The Fix: What? You don't use Google as a verb? Why? And what's this about drug sales?

Hood: Yeah, I really don't. We had to take them on so I like to use the words "search" or "research." But that's all connected to the sales issue. Back in 2011, Google entered into a $500 million plea agreement with the federal government and promised to stop prescription drug sales without a prescription -- to stop the so-called "Canadian pharmacies."

But we hopped on and have a bunch of drug buys in the time since. And what we were able to buy, you would not believe. I mean pain pills, some kind of liquid birth control, an injectable -- just about anything you can think of without any kind of a prescription. You know we have all heard that you can just visit Canada or order from Canada online and get the very same high-quality prescription drugs for much less. Well, they are not. "Canadian pharmacies" -- that's a misnomer.

But Google turned around and sued us. (Another note from The Fix here: Google has claimed that Hood's investigation is politically motivated due to e-mails between Hood and the Motion Picture Association of America leaked due to the Sony Pictures hack. Hood's office was also looking into the sale of illegal movies online. Both the prescription drugs inquiry and the movie probe had the backing of other attorney generals around the country. Both have been put on hold.)

The Fix: Okay. So you have this approach that's worked for you. But what would you tell other Democrats who might want to run for statewide office or get involved in statewide politics? From the outside, things look pretty bleak for Democrats.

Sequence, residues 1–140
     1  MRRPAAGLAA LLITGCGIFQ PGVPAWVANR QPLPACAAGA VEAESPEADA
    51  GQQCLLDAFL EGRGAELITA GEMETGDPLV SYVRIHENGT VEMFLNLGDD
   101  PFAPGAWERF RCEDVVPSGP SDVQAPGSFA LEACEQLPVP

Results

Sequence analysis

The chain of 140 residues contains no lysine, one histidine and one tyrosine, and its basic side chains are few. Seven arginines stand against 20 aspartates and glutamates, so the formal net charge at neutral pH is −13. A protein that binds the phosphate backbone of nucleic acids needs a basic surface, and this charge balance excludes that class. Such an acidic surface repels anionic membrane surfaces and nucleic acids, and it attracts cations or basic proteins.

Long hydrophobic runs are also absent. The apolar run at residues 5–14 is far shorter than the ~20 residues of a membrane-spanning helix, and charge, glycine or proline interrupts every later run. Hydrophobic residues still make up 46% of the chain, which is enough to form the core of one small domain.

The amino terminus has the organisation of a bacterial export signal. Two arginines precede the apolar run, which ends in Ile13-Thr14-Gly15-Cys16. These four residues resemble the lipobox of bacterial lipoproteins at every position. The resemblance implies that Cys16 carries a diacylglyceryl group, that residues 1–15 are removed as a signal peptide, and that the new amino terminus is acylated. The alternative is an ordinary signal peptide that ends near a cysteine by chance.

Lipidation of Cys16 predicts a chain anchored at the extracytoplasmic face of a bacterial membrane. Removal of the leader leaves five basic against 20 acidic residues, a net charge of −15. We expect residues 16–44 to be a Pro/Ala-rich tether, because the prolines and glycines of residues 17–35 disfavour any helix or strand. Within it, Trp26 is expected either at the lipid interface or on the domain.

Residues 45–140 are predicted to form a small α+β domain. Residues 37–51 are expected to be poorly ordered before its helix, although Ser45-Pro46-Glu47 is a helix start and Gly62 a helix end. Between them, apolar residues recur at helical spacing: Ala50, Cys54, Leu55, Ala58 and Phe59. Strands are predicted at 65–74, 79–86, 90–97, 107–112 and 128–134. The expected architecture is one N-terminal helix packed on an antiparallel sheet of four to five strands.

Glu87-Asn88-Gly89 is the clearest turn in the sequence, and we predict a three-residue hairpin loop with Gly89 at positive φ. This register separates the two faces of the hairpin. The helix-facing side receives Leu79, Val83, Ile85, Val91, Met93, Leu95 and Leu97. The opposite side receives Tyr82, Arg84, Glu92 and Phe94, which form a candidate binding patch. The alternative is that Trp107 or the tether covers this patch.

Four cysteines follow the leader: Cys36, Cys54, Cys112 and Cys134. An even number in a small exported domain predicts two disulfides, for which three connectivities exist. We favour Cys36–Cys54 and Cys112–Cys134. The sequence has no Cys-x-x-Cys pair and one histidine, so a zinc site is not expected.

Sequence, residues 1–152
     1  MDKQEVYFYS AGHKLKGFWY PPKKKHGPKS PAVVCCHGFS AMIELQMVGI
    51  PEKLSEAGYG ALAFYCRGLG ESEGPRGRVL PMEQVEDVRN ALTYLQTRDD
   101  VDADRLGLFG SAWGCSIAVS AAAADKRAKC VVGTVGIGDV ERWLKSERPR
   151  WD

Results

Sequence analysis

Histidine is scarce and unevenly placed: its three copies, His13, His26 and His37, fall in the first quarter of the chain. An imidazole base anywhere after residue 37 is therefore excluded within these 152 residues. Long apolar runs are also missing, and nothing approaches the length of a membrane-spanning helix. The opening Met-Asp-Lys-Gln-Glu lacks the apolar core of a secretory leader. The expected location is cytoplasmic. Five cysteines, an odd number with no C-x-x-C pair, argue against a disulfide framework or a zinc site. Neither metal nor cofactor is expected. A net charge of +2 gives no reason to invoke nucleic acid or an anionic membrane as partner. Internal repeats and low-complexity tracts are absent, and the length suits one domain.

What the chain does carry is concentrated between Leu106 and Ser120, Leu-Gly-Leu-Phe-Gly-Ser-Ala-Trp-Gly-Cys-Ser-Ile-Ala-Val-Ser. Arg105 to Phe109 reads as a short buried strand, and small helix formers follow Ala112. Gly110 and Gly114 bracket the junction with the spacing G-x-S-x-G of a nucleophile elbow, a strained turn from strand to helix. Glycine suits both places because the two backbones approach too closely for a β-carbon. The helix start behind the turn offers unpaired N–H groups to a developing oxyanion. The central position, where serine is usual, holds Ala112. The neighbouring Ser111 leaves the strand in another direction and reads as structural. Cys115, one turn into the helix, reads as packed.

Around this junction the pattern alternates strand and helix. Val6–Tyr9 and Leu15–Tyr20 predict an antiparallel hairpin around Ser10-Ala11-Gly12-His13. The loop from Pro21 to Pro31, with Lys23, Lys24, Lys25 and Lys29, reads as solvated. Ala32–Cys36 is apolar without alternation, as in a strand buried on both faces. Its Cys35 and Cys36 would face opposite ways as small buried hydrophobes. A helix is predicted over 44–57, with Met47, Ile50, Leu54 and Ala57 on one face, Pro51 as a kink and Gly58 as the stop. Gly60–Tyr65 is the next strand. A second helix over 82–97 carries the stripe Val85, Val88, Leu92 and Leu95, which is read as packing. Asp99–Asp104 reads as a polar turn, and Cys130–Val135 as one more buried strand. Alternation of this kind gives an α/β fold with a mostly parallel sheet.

Hood: Well, I think the pendulum has begun to swing the other way. So many people, I think, are tired of the yelling and the screaming on the wings of both parties, that people are really looking for calm and middle ground. I know that's probably hard to see or believe from 10,000 feet, but that's what I think is starting to happen. We've kind of pushed and restructured and redistricted ourselves into this mess. I'd say give it four years. People are going to start paying more attention to moderates.

But, I won't sugarcoat it. It's a tough environment down here right now. You don't ever know for sure how an election is going to turn out. The polls look like they are in our favor -- they showed things 57-35, going our way (Fix note: This is an internal poll result released by Hood's campaign). But, you don't ever know. So I've got to do what I would tell anybody trying to run their first race right now. I have to work pretty darn hard.